I’m a little late in posting; busy week at work. On Tuesday May 4 I received an email from the broker that Customs had cleared the car!
This was much quicker than expected! I immediately reviewed my schedule to see if it would be possible for me to get out there Friday (yesterday) to pick up the car. No way to make that happen. I had work commitments I couldn’t possibly get out of. In addition, I still had to get registration and plates from Wisconsin DMV and that was to be an unknown process in terms of timeline since the official line is that it takes 6 to 8 weeks…
I called the Wallenius customer service people to see how much it costs to leave the car at the port until I can get there. They indicated that my car is now in demurrage –another one of those wonderfully arcane shipping terms, look it up: http://en.wikipedia.org/wiki/Demurrage. I get 5 days of storage free of charge. The second 5-day period of demurrage is charged at $0.34 per 110 lbs for the 5 days with a $10.12 minimum charge. Doing quick math tells me my featherweight 1800 falls in the minimum charge bracket. The scheme for the third 5-day period is similar but at $0.61 per pound. I was afraid to ask what happens to my car after it sits there for longer than 15 days. I should be there to rescue it by the time 10 days have elapsed so I’m in for only $10.12. We’ll see…
When I picked up the Fiat in ’08 I was faced with unexpected charges for which they would take no cash nor personal checks or CC’s so I’ve placed my broker on alert in case I need to call her and have her post an official payment for me if that happens again.
Tuesday morning I called Wisconsin DMV headquarters in Madison to inquire as to obtaining temporary plates and registration on the spot. They indicated it’s not their MO but if the local branch feels up to it they might be able to fax the documents to Madison for an on-the-spot registration issuance. This is what my friend Mark did when he recently imported his Citroen GS: http://www.candokaraoke.com/ When I got to the DMV, everybody was pretty friendly; then the clerk called Madison and was told the paperwork had to be sent in for their review and it would take 6 – 8 weeks, end of story. Man, this is not going to be easy. I went back in the car and immediately dialed Madison again and related my story to Sharon, the clerk that took my call. I put in an impassioned plea for help that was compelling enough for her to put me on hold 10 minutes to discuss the matter with her “supervisors” (bad enough to have one, she has two). She returned to the line to say that if I was willing to spend on overnight mailing of the paperwork and an overnight return mailer back to me, and oh, the $4 expedite fee, they would turn it around in a day for me if I addressed it to “Andrea, Room 851”, her supervisor. At this point I was willing to walk to Madison to get this deal done, FedEx fees and the $4 expedite charge seemed like a genuine bargain.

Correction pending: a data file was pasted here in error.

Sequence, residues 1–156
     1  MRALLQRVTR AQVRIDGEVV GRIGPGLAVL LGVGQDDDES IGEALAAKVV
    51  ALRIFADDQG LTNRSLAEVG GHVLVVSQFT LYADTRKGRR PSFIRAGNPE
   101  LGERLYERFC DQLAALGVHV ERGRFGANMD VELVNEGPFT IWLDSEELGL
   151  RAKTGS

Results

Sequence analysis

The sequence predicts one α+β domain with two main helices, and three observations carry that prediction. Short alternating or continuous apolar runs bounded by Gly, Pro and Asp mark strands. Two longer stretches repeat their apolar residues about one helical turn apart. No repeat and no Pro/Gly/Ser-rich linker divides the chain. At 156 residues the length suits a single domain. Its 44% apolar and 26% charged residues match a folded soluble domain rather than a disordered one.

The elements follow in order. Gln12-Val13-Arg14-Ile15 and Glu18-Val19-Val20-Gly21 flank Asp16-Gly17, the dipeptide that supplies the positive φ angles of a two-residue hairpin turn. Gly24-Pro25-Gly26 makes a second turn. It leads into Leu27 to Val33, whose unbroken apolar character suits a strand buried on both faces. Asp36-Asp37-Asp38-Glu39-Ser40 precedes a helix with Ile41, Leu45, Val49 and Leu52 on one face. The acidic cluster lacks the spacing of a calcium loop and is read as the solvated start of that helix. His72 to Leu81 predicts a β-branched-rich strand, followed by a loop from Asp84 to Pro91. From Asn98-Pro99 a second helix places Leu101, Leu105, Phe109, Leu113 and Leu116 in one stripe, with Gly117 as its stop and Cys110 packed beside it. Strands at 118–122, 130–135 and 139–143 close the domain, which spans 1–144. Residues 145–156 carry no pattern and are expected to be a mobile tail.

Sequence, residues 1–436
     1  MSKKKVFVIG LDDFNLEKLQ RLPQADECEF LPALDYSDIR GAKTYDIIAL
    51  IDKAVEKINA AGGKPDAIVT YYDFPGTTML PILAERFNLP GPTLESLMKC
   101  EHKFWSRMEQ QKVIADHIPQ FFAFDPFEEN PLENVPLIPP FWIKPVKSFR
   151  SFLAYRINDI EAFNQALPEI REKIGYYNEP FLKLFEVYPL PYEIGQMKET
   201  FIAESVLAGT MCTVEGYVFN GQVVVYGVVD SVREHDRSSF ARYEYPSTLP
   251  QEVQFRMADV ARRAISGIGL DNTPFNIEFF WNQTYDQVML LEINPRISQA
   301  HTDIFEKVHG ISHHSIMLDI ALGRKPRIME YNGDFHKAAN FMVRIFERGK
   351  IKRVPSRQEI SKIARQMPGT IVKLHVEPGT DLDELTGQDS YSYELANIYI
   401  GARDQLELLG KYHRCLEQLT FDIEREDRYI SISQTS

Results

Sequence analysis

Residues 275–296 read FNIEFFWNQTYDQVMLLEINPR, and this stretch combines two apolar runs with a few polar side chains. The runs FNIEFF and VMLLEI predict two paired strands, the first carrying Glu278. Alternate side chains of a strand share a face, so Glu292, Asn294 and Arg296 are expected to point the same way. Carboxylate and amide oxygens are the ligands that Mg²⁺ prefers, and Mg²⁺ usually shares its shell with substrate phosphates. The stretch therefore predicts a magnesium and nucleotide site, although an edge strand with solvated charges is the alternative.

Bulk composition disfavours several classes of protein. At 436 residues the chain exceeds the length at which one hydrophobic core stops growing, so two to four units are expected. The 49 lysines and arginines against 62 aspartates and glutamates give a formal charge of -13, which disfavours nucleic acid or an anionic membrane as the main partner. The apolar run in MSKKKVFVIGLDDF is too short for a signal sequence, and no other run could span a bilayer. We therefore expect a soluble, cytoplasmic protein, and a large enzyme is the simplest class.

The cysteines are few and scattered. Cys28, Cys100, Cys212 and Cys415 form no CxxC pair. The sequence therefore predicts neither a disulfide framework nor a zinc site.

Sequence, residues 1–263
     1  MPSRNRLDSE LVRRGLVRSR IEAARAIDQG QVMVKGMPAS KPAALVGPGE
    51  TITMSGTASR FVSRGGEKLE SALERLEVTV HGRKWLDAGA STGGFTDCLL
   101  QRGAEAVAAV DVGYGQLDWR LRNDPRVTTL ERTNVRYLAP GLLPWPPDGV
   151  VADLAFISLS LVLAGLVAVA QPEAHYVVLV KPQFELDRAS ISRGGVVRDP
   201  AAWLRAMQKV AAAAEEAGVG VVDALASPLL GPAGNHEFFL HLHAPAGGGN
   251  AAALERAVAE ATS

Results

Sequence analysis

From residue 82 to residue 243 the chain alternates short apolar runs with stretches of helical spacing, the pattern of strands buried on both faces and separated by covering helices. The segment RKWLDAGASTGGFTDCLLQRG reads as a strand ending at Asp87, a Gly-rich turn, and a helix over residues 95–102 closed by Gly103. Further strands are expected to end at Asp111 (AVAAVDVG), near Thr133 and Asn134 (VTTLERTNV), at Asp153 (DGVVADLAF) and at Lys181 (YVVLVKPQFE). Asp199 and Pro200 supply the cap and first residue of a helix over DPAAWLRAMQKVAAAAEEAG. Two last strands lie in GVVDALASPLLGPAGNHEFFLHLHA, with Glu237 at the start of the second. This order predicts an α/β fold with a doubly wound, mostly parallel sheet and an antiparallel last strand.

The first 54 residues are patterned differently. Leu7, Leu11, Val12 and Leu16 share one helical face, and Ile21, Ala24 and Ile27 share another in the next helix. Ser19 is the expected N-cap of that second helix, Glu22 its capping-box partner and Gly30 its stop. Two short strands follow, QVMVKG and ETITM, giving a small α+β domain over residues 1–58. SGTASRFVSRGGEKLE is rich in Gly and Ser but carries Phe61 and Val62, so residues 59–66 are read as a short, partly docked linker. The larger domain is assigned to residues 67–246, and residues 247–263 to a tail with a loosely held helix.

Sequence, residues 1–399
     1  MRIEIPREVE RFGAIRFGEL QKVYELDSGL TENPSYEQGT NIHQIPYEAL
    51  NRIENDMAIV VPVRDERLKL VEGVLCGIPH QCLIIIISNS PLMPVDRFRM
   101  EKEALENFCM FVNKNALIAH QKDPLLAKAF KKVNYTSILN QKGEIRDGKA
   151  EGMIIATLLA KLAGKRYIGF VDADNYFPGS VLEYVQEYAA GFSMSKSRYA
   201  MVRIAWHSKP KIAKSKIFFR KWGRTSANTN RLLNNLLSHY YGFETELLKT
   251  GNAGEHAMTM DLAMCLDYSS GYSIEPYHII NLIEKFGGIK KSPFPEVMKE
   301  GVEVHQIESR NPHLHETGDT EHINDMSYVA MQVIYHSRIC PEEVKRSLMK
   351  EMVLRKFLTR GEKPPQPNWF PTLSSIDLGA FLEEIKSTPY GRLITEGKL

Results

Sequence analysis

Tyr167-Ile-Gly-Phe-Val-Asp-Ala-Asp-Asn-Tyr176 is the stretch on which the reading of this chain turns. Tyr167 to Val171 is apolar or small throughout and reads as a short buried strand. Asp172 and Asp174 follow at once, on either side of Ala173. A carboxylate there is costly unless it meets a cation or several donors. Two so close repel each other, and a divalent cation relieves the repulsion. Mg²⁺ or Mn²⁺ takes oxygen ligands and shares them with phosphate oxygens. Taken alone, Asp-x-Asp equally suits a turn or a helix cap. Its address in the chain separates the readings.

I returned home from a business trip at 6 pm Thursday evening and rushed home to with enough time to web search the closest FedEx drop off that I could make that evening. Lucky enough, it was a few blocks away with a 7:15 pm pick up time. I typed a letter to Andrea profusely thanking her and detailing all that I was enclosing in the envelope. I placed all the documentation, forms and fees in as much a foolproof layout as I could and got to the FedEx box around 6:45. After all this, I still had time to make it to my son’s Alex (10) baseball game where he hit a home run but they lost the game after all.
FedEx tracking confirms delivery of my envelope to them at 9:43 Friday but I can tell they didn’t get the return shipment to me since the FedEx tracking for that slip is not yet live.
My plan now is to fly out next Friday at 6 am arriving into BWI at 8:55. Port hours are 8 am to 3:30 with an 11:30 to 1:00 lunch break. I need to pack some tools for the trip so I’ll have to check the bag but I should make it to the port terminal to get this done before their generous lunch break. Complicating this is the post-911 port security requirements (TWIC) so that a regular Joe just can’t stroll in to the port terminal area without having a special TWIC pass. This pass is sufficiently difficult and expensive to obtain that it has spawned a cottage industry of escort services who do have TWIC clearance to get folks like me into the ports. The tricky thing is, if you get caught in the middle of the lunch break with your escort, the meter is running and the money just continues to flow on this project. Small consolation that it’s dollars and not Euros any more… I’ll be calling A-1 Escorts this week (not making it up) to inquire as to their charges.
I have yet to reach Lothar in Maryland to see if we can connect and tour his collection.